Coronavirus: Reminder of 1918 Flu Epidemic in Union Mills
With the COVID-19 pandemic of 2020 forcing cancellation of the Union Mills Homestead’s Flower and Plant Market for the first time in 51 years, we are reminded of a similar health crisis in 1918. That year, a wartime influenza epidemic ricocheted around the globe before finding its way to the far reaches of rural Carroll County. The 1918 flu outbreak took a heavy toll in the area.
‘Spanish Flu’ Outbreaks Spread in U.S.
Baltimore newspapers reported influenza in Germany in June and July, 1918, followed by an outbreak in Boston the last week of August. In September, the papers described the disease’s spread elsewhere in the United States, with symptoms that included chills, high fever, headache, backache, reddening of the eyes and “general prostration.” But as late as September 20, 1918 the Baltimore Sun reported there were no cases of the disease in Baltimore as of that date.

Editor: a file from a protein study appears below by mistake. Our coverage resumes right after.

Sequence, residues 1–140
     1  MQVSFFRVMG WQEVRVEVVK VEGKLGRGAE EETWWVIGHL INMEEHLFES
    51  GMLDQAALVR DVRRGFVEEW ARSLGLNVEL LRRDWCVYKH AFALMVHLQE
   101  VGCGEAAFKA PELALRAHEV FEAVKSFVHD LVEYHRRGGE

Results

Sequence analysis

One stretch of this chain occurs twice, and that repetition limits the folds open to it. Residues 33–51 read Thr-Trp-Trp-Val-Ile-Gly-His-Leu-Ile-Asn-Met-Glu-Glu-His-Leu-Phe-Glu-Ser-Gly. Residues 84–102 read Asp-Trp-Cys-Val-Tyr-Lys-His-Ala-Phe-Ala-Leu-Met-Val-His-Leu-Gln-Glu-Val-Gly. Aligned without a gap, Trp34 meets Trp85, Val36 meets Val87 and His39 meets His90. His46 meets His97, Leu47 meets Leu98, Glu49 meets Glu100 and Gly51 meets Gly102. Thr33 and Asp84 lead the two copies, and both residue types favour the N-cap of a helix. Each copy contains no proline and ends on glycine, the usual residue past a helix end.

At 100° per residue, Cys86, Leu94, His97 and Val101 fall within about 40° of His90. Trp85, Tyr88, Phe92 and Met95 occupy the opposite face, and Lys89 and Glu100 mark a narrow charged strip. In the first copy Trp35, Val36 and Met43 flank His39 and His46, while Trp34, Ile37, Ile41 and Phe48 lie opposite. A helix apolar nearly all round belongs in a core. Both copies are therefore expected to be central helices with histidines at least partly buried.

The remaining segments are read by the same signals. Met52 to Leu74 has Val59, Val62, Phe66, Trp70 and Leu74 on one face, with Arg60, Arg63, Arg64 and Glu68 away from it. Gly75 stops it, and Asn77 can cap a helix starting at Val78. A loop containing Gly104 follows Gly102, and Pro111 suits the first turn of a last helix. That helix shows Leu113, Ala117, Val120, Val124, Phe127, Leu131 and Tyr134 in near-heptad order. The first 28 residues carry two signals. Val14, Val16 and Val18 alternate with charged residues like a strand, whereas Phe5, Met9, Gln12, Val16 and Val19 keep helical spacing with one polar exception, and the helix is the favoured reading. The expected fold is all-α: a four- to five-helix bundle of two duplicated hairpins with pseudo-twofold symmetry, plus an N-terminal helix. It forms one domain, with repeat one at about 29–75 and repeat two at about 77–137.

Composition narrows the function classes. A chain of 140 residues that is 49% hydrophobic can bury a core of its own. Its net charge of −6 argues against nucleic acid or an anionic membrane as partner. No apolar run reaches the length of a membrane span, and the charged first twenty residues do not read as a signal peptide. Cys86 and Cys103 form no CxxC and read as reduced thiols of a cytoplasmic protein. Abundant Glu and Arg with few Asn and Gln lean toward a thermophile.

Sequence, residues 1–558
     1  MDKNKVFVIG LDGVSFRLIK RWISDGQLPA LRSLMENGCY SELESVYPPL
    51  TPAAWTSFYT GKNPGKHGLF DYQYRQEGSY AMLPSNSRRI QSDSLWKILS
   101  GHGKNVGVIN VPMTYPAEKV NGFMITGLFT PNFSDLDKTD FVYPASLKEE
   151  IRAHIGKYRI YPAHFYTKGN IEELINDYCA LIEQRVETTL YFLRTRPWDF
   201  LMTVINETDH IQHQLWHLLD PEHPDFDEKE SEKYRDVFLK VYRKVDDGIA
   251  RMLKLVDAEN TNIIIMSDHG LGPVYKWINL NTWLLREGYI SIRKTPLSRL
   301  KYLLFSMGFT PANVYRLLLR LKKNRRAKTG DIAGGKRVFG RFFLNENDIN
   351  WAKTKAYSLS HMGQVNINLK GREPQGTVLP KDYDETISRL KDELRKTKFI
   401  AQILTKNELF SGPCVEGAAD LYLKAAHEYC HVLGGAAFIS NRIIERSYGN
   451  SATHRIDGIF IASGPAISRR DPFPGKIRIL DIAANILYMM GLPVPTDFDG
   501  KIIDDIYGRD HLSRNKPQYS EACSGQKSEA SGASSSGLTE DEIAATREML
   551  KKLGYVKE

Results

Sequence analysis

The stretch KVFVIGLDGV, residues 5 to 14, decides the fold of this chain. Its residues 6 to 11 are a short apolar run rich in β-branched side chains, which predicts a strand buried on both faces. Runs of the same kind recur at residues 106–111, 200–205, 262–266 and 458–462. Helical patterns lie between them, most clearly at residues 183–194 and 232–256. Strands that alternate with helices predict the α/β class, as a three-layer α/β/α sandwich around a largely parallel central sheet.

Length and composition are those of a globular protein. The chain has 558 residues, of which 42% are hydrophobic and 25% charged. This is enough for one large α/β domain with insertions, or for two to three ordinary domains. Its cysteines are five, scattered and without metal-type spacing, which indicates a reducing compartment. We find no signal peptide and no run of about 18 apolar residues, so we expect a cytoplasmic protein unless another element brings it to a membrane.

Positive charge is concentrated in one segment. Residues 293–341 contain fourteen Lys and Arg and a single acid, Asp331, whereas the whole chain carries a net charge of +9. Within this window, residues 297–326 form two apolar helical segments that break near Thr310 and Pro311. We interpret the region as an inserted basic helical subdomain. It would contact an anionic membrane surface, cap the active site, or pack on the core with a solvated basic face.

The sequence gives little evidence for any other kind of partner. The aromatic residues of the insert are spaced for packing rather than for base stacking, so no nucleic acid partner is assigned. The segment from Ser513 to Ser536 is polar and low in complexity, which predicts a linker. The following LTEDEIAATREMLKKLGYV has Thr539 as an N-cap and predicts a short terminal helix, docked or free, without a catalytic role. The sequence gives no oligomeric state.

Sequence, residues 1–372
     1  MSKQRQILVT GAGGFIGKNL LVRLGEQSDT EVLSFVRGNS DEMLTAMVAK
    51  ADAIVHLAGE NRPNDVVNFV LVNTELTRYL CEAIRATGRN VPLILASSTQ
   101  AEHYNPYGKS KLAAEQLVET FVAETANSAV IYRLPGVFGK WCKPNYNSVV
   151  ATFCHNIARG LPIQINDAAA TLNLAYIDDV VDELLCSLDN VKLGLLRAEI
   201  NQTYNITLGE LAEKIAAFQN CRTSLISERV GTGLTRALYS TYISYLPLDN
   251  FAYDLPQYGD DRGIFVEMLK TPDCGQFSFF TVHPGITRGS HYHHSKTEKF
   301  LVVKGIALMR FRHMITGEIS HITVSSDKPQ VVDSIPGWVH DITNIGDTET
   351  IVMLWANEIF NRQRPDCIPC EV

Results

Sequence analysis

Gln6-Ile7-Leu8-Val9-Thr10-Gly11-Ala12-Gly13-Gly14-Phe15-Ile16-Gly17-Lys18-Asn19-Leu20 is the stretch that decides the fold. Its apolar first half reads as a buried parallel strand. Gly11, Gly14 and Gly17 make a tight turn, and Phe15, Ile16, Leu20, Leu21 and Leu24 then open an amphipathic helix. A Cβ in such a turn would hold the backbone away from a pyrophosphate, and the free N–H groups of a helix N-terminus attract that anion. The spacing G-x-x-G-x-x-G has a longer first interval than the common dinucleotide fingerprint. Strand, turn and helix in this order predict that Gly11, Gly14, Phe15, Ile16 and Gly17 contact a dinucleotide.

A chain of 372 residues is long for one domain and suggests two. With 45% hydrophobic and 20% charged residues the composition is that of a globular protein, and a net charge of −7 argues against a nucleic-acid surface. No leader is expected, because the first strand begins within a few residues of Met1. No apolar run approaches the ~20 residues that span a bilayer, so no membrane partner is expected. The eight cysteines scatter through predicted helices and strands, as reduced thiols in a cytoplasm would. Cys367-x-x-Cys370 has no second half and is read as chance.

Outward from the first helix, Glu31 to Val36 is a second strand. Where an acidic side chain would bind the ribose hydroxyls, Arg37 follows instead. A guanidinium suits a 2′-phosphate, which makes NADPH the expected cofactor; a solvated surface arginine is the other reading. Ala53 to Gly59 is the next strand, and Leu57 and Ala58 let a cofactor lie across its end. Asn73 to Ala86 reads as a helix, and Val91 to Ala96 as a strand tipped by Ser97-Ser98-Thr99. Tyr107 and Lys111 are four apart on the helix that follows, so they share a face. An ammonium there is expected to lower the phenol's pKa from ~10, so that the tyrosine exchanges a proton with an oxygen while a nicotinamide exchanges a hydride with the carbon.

This reassuring news changed quickly. There were reports on September 24 of 150 sick soldiers from Baltimore-area Army installations being taken to the military hospital at Ft. McHenry. The next day, the Baltimore Sun reported there were 500 cases of influenza at Camp Meade.
Initial Outbreaks in Area Downplayed
As the disease swept the country, papers reported that a general outbreak of disease was not imminent in Maryland. In early October, 1918, as news cases and deaths from flu and pneumonia grew, the Baltimore Sun reported the City’s health commissioner was considering “drastic action” but noted the disease was not as serious in Baltimore as it was at military installations around the state. On October 2, 1918, The Sun reported 177 new flu cases and six deaths in Baltimore City but 1,590 new cases and ten deaths at Camp Meade. As a precaution, public dances were banned. Street cars and moving picture houses were to be “thoroughly ventilated.”